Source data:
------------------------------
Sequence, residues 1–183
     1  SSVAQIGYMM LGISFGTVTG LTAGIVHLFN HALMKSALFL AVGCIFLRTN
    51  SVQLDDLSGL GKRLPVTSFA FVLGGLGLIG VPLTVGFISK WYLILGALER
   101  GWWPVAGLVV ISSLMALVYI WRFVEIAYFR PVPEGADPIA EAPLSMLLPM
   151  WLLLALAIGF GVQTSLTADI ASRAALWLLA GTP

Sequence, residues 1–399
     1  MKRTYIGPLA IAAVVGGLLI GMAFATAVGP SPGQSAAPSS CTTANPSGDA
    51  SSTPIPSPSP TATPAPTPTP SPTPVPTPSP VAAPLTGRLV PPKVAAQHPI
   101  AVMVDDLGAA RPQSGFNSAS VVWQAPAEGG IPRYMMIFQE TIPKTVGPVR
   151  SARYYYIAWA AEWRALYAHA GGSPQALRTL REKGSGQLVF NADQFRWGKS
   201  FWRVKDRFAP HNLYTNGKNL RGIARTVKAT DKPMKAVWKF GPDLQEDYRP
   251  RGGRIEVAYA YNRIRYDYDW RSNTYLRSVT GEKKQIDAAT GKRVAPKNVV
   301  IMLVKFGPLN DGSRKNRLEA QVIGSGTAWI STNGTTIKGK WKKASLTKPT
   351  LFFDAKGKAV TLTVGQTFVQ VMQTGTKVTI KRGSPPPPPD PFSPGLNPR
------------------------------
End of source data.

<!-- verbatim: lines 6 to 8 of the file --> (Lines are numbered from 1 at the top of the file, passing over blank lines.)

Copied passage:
Sequence, residues 1–399
     1  MKRTYIGPLA IAAVVGGLLI GMAFATAVGP SPGQSAAPSS CTTANPSGDA
    51  SSTPIPSPSP TATPAPTPTP SPTPVPTPSP VAAPLTGRLV PPKVAAQHPI